Hear us out: LEGO 42143 Ferrari Daytona SP3 is the perfect introduction to Technic

Believe it or not, you really can’t ask for a better introduction to LEGO Technic than this summer’s sublime supercar, 42143 Ferrari Daytona SP3.

Okay, downsides out of the way first: or, rather, one big £390-shaped downside. There’s no getting away from the fact that 42143 Ferrari Daytona SP3, originally released in June, is an expensive bit of kit – proportional to a Speed Champions set as a real-life Ferrari is to the car sitting on your driveway. Finding it discounted through retailers like Zavvi – who were kind enough to provide a copy for us to take for a spin, and currently have it marked down by £90 – definitely takes some of the sting out of it, though.

And if you can get past that particular barrier, 42143 Ferrari Daytona SP3 genuinely is a great gateway into the wider world of Technic, and all that the LEGO Group’s most complex building system entails.

Let’s say you – or a friend or loved one – have only ever dabbled in standard LEGO System sets, perhaps from the Icons (formerly Creator Expert) range, and are keen to see what the Technic hype is all about. You could jump in with something like 42137 Formula E Porsche 99x Electric or 42138 Ford Mustang Shelby GT500, both sets that offer a taste of the system of beams, pins and axles for a relatively modest price point. But a taste arguably isn’t good enough: what you need is a full meal.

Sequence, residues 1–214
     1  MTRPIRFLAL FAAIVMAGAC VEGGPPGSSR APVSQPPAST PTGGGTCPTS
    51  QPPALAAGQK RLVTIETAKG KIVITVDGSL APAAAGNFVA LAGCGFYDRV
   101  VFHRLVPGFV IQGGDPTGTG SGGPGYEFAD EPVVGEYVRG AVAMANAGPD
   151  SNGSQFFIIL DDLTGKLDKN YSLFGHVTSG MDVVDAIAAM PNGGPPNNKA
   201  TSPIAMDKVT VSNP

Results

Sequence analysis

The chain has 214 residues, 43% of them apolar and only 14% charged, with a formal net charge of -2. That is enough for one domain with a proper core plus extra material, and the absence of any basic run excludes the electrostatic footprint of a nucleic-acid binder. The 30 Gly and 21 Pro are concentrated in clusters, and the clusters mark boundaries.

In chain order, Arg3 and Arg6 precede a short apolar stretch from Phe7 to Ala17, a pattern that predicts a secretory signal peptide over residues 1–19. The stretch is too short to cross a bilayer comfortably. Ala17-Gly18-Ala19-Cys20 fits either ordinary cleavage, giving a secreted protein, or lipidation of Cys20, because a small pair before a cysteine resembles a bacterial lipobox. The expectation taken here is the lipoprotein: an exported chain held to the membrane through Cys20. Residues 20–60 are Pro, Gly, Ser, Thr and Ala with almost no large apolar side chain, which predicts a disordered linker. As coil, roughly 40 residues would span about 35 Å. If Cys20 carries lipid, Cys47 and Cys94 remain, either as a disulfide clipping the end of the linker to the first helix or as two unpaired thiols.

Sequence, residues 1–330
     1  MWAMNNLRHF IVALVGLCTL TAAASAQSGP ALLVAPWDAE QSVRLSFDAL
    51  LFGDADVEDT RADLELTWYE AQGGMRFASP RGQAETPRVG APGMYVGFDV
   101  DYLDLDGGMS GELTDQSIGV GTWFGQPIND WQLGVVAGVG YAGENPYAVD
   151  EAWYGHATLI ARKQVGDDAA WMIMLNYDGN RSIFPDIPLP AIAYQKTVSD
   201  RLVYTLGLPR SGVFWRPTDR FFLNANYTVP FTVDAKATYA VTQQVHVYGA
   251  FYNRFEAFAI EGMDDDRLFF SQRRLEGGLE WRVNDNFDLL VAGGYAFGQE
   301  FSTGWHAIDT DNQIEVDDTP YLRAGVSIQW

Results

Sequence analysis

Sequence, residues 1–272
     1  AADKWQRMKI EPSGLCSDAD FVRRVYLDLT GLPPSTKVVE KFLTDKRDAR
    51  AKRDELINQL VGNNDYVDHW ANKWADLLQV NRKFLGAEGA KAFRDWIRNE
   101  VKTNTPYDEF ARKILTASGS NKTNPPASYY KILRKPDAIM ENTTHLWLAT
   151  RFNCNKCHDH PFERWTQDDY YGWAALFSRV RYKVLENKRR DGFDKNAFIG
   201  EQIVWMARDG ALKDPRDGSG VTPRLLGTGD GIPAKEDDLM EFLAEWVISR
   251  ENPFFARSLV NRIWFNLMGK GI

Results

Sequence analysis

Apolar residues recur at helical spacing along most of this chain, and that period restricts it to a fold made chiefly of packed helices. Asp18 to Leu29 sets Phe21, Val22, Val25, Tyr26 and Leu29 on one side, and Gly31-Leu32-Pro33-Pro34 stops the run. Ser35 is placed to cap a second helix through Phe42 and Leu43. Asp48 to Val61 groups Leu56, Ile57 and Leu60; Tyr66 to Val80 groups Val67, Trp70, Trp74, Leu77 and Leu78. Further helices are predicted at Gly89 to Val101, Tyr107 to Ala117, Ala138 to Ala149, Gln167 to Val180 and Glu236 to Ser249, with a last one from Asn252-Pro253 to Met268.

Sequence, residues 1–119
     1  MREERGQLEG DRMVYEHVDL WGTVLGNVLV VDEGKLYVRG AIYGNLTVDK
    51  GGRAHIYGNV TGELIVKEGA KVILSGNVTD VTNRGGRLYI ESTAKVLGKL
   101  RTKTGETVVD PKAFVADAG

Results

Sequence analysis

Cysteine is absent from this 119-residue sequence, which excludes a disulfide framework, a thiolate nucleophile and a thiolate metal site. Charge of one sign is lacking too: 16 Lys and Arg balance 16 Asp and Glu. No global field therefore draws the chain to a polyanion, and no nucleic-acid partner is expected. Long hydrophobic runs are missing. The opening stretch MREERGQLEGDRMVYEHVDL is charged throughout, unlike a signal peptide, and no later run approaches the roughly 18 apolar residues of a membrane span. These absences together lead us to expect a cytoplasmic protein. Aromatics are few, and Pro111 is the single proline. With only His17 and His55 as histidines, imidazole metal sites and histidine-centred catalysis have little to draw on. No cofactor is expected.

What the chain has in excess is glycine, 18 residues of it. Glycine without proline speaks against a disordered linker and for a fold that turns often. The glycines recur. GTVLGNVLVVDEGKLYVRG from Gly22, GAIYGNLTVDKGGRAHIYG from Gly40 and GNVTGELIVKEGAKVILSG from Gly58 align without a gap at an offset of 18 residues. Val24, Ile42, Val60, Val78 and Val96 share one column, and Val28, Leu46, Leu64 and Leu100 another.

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How will you know whether you truly like Technic from a fleeting experience that’s over in less than an hour? Odds are you won’t, and you’ll still need to work your way up to something bigger and better. By the time you get to 42115 Lamborghini Sián FKP 37, or 42143 Ferrari Daytona SP3, those smaller cars will pale by comparison, and you might end up regretting having bothered with them at all. Or maybe not! But it’s absolutely worth considering when weighing up your approach to Technic.

That’s a consideration that should really also factor in just how good 42143 Ferrari Daytona SP3 is, because it is really very good. At 3,778 pieces, it might feel like a daunting prospect for Technic newbies – but like all Technic sets, the instructions are designed and paced so as to accommodate all skill levels, from absolute beginners all the way through to experienced gearheads. If you have the patience to follow them, you won’t have any serious issues putting together the Ferrari, even when things get particularly complex (at least following the LEGO Group’s rectification of two initial errors).

And if you do? Well, hey, that’s just part of the Technic experience. There’s a level of concentration required for sets like 42143 Ferrari Daytona SP3 that isn’t matched across many (if any) traditional System sets, where a mistake during the building process can usually be quickly and easily rectified. The same often can’t be said of Technic sets, though the Ferrari actually even mitigates this issue – to an extent – by building sections of its internal chassis in chunks, which are relatively simple to detach if you’ve missed out a single cog somewhere deep in the mix.